Also, McCormick doesn’t really address the circumstantial evidence that is very, very difficult to account for apart from the resurrection. In the 1st century there were many messianic movements in which the charismatic leader was killed, both before and after the time of Jesus. In each case, when the leader was killed by the Romans the followers either went home, or found a new messiah. As mentioned above, this is because in 1st century Judaism a crucified messiah was, by definition, a failed messiah.
McCormick leaves it inexplicable as to why, in Jesus’ case, instead of going home or finding a new messiah his closest followers all of sudden declared that Jesus had risen from the dead and he truly was the messiah after all! This is a completely unexpected move within the religious context of 1st century Judaism in which a crucified individual was considered to be under God’s curse, and the word ‘resurrection’ meant a transformed physical body at the end of history.
Other circumstantial evidence, which is best explained by the resurrection of Jesus, would include: the first disciples imparting saving significance to Jesus’ death, a theological move that would be nonsensical and absurd apart from the resurrection occurring, the first Jewish disciples changing their day of worship from Saturday to Sunday, overthrowing centuries of religious observance; or the radical mutation that took place in their beliefs about the Jewish law in light of Jesus.
On and on we could go.
And if one thinks the above mutations that occurred in the distinctly Jewish worldview of Jesus’ first followers are insignificant or humdrum that just shows (forgive me for saying it) profound ignorance about the religious life of Jewish people in first century Palestine and their fierce commitment to their religious tradition; traditions that held together their unique cultural identity in the midst of hostile nations for century after century. To make these significant changes in their theology and their understanding of the nature of God, apart from the resurrection actually occurring, is very difficult to understand.
Here is another one of Matthew’s criteria. God should have done a bigger miracle like writing out in the stars, ‘I Exist!’ or having Jesus appear and reappear for decades or centuries. “If the goal is to bring Jesus back to demonstrate his divinity to all of humanity for the rest of history, then why just show him to handful of his devoted followers for a few fleeting moments?” (163)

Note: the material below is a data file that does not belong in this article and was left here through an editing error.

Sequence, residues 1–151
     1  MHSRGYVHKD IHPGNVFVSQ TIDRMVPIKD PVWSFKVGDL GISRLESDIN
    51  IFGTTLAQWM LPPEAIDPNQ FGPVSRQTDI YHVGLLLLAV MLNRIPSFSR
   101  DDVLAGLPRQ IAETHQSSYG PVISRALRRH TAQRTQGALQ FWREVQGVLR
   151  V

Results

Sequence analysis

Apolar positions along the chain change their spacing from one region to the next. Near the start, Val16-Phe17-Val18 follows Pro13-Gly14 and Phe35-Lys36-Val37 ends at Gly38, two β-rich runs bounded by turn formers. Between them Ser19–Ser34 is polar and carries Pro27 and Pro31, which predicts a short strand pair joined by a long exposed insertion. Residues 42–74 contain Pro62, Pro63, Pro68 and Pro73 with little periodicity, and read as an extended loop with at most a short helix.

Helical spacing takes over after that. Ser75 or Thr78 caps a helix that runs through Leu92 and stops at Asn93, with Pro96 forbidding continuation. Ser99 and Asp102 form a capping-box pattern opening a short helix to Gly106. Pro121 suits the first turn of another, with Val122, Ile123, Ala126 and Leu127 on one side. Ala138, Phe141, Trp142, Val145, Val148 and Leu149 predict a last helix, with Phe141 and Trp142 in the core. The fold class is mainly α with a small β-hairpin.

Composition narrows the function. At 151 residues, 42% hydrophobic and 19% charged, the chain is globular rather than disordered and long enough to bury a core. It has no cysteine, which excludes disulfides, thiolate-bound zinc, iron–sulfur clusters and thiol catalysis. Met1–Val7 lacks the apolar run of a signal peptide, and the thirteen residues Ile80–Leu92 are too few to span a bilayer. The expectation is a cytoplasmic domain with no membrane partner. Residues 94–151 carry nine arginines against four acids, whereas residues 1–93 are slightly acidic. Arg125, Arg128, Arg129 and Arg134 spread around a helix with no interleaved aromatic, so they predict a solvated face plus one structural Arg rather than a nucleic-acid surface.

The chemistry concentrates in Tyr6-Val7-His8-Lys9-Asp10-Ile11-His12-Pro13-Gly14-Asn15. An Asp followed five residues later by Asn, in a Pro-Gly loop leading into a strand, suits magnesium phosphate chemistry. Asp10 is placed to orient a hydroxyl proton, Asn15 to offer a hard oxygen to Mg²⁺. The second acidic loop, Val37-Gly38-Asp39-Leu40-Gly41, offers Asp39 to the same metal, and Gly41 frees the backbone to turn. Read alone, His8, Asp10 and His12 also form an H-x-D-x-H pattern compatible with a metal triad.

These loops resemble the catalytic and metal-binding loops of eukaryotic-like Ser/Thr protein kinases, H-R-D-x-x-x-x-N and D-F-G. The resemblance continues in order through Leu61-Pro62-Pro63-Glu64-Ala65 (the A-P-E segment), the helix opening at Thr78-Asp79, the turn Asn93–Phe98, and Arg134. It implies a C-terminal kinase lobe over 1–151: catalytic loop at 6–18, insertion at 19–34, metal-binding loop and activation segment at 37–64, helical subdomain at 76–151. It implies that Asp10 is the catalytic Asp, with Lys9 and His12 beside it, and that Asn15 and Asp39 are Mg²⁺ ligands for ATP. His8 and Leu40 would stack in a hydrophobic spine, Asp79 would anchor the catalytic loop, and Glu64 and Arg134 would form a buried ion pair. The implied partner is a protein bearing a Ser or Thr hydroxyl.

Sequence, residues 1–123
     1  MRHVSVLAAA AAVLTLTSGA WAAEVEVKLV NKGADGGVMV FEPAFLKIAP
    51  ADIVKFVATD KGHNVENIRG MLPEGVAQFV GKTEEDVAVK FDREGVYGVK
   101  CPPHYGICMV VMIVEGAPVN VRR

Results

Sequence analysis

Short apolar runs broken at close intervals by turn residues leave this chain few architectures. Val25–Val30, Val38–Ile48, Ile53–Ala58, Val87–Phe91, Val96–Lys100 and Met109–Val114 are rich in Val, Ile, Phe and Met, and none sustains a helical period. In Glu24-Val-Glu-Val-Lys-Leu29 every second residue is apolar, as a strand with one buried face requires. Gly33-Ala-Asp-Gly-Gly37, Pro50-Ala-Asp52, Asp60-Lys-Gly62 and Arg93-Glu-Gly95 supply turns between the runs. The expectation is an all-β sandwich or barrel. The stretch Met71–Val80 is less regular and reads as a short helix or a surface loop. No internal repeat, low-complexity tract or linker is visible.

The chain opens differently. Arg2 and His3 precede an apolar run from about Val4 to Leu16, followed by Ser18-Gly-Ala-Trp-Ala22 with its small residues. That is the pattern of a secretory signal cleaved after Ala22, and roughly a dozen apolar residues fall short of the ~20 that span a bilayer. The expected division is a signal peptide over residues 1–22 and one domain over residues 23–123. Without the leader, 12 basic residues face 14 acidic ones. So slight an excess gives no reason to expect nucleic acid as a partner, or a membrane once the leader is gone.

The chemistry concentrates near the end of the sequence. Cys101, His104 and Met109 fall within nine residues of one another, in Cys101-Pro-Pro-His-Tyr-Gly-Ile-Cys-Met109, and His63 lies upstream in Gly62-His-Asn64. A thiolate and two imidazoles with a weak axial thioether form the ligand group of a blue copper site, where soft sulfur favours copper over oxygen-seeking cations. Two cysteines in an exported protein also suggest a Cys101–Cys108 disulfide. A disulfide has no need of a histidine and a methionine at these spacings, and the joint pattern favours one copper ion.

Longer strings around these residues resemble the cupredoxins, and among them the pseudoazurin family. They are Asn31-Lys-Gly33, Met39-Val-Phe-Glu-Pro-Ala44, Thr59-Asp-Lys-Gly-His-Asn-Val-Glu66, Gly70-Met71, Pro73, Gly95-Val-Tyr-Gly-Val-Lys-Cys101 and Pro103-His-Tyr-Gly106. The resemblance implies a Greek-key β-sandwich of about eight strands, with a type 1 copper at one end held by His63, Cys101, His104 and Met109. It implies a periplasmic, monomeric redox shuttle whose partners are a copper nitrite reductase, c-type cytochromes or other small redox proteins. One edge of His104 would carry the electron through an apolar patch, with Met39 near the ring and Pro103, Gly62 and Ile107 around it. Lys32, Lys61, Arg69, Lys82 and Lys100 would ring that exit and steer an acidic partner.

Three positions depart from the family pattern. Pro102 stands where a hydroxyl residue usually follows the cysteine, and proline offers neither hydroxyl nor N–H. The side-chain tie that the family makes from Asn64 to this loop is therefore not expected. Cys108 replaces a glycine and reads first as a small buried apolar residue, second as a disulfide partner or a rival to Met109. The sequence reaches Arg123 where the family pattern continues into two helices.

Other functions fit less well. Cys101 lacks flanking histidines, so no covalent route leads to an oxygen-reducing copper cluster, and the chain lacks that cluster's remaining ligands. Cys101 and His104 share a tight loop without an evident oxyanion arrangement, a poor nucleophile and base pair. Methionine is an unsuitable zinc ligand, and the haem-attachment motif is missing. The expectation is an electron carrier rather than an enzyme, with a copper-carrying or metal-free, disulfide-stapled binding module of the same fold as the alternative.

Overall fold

What does one say to an objection like that? Well, raising someone from the dead who, from all the evidence we have, seems to have consciously spoke and acted in the place of God is pretty BIG, and it seems that God’s manner of proceeding has worked pretty well, if it is just a question of pragmatics. After all, over two billion people believe in Jesus as the resurrected Lord and much of the world has heard about this event! Jesus has worked his way into basically every world religion he is so significant. Even atheists like McCormick find it necessary to spend countless hours researching and writing books on this event!
It is interesting to talk about what God should of, would of, could have done, but what he actually did has worked well enough! He has given enough evidence to convince those whose heart is open, but not enough to forcibly compel those whose hearts are closed. This is seen by the very fact that the resurrection actually meets most of the criteria that McCormick lays out above.
Take Human Fallibility Into Account
McCormick continues, “The power of suggestion, social pressure, and peer expectation can be very influential in getting people to believe that something special or extraordinary has happened…Any miracle claim is going to be up against this psychological background that will create challenges to its authenticity.” (163)
This is an objection from psychology that seems reasonable to me. The idea is that, if God wanted people to believe in him on the basis of a miracle, he would do something about human gullibility.
Like many of these criteria there are so many ways in which one could respond, but my main objection is that Matthew doesn’t take seriously the psychological absurdities that result from assuming the resurrection didn’t actually happen. Consider James and Paul again.
James didn’t believe in his brother during Jesus’ earthly ministry, an embarrassing detail it is unlikely the Gospel writers would have made up. In fact, John 7:5 just states, “For even His own brothers didn’t believe in Him.” In Mark 3:21, another Gospel writer records that when His family heard about this (His teaching and miracles), they went to take charge of Him, for they said, “He is out of his mind.” James doesn’t believe in Jesus and, even worse, he thinks that Jesus is out of His mind. The crucifixion would have just confirmed His family’s sentiment. Yet we also know, as a matter of history, that James becomes a leader in the early church (Galatians 1, Acts 15), worshiping his brother as Messiah and Lord to the point of eventually dying for that belief. This is not controversial at all, historically speaking.